I'm trying to understand how $3$-SAT problems are assigned complexity to try and get a better understanding of the P vs NP problem.

Would a polynomial-time solution to an increasing number of clauses but constant number of distinct literals resolve P vs NP?

Or, would an algorithm have to work in polynomial time in both the number of distinct literals and the number of clauses?

It seems like a 2-dimensional problem and I'm not sure in which 'direction' the P vs NP problem lies.


1 Answer 1


I assume you know about the problem SAT and that it is NP complete. This means that a polynomial algorithm for SAT would prove P=NP.

There is a way to reduce SAT to $3$-SAT. This means that any polynomial algorithm for $3$-SAT can be used to construct a polynomial algorithm for SAT. This means any polynomial algorithm for $3$-SAT would prove P=NP.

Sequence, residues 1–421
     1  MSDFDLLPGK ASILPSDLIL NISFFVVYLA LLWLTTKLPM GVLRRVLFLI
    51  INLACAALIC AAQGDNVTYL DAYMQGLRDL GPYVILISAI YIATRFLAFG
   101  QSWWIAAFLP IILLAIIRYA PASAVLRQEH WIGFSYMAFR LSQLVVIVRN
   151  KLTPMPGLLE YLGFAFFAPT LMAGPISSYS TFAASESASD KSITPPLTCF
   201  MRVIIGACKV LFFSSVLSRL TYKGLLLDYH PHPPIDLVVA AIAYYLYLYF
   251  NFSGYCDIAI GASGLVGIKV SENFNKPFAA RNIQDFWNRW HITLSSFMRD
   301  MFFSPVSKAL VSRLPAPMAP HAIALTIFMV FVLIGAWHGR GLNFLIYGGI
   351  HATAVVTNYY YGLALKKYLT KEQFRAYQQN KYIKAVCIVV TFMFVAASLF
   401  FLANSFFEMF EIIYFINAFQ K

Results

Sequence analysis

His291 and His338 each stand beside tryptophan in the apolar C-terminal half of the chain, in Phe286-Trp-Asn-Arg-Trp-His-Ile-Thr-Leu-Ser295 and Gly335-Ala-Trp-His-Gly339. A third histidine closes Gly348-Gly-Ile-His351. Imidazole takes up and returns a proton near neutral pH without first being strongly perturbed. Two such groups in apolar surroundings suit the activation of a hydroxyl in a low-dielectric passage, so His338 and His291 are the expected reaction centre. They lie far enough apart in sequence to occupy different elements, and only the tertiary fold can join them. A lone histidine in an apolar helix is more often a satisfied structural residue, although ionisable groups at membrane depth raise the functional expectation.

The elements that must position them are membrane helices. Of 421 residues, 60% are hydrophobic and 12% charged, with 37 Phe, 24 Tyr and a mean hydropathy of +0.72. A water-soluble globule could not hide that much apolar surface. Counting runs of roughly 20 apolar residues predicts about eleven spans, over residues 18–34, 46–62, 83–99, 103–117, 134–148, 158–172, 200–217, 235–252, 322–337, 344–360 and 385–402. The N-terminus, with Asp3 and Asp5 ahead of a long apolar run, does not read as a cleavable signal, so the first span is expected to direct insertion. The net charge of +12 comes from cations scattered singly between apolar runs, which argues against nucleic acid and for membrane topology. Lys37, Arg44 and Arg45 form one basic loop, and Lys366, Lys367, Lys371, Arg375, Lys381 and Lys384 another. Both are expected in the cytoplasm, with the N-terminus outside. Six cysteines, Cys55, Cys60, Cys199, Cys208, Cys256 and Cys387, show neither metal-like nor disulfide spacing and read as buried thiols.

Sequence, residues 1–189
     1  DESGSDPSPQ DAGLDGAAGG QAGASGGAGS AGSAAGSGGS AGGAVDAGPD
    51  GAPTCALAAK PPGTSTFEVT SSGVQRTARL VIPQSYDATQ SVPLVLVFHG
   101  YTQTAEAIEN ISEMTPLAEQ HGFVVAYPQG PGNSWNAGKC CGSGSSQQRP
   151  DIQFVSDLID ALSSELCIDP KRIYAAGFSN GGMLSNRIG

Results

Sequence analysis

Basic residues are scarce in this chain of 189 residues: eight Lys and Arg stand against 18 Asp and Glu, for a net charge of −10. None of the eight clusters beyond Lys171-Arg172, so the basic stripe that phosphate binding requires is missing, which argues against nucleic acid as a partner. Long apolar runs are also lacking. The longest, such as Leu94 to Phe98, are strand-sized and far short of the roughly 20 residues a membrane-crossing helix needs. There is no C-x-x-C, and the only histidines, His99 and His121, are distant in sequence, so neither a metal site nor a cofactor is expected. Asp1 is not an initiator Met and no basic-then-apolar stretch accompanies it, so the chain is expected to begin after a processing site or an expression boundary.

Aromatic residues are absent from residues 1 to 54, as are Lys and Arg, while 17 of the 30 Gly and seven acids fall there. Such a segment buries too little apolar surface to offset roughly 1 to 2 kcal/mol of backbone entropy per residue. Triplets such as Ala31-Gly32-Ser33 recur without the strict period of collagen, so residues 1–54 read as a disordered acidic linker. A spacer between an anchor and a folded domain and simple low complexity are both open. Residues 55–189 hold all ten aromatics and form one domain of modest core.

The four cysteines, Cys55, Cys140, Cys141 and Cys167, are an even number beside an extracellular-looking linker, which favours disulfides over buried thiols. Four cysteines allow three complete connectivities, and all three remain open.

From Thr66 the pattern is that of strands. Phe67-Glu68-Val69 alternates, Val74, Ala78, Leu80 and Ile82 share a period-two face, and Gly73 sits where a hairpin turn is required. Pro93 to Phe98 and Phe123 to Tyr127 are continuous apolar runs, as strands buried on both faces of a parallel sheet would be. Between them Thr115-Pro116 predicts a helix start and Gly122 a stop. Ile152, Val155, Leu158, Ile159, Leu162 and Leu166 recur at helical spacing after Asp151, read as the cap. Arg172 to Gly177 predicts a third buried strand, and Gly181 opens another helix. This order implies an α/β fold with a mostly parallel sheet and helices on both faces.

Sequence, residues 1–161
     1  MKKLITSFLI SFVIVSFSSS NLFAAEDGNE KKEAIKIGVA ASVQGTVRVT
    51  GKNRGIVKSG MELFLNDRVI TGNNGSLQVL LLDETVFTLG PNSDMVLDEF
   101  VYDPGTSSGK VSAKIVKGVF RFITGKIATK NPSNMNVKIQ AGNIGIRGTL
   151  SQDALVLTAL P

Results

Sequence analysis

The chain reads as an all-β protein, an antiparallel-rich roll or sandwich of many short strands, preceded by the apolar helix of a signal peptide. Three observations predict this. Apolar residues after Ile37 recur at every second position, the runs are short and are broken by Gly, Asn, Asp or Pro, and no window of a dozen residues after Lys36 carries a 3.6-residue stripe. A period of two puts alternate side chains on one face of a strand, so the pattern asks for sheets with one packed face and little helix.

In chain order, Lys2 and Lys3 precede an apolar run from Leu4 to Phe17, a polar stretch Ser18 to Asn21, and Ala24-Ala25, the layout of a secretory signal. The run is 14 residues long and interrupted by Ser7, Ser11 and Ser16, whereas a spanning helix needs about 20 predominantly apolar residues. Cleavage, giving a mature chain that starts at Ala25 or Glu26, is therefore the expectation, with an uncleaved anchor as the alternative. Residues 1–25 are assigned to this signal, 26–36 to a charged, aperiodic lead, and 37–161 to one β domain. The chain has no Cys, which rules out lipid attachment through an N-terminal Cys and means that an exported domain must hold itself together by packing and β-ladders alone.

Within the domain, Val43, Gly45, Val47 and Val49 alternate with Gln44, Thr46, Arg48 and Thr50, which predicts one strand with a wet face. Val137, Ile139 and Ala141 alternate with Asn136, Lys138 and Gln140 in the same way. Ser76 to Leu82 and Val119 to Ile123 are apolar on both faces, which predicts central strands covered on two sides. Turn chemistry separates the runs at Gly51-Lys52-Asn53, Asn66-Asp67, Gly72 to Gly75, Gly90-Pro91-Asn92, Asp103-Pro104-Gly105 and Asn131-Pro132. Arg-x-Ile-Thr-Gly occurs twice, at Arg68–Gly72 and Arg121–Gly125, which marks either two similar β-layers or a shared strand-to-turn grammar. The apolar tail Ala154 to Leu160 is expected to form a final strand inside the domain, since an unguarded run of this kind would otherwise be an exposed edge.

The input for $3$-SAT consists $n$ variables and $k$ clauses consisting of $3$ literals each. A literal is of the form $v$ or $\neg v$ for some variable $v$. A clause is of the form $a\lor b\lor c$ for some literals $a,b,c$. So the size of the input of a $3$-SAT instance is $n+3k$.

What we mean when we talk about a polynomial algorithm for $3$-SAT is an algorithm with running time $\mathcal{O}(p(n+3k))$ for some polynomial $p$. This means that the algorithm has to run in polynomial time in the number of variables, but also in the number of clauses and literals.


You must log in to answer this question.

Not the answer you're looking for? Browse other questions tagged .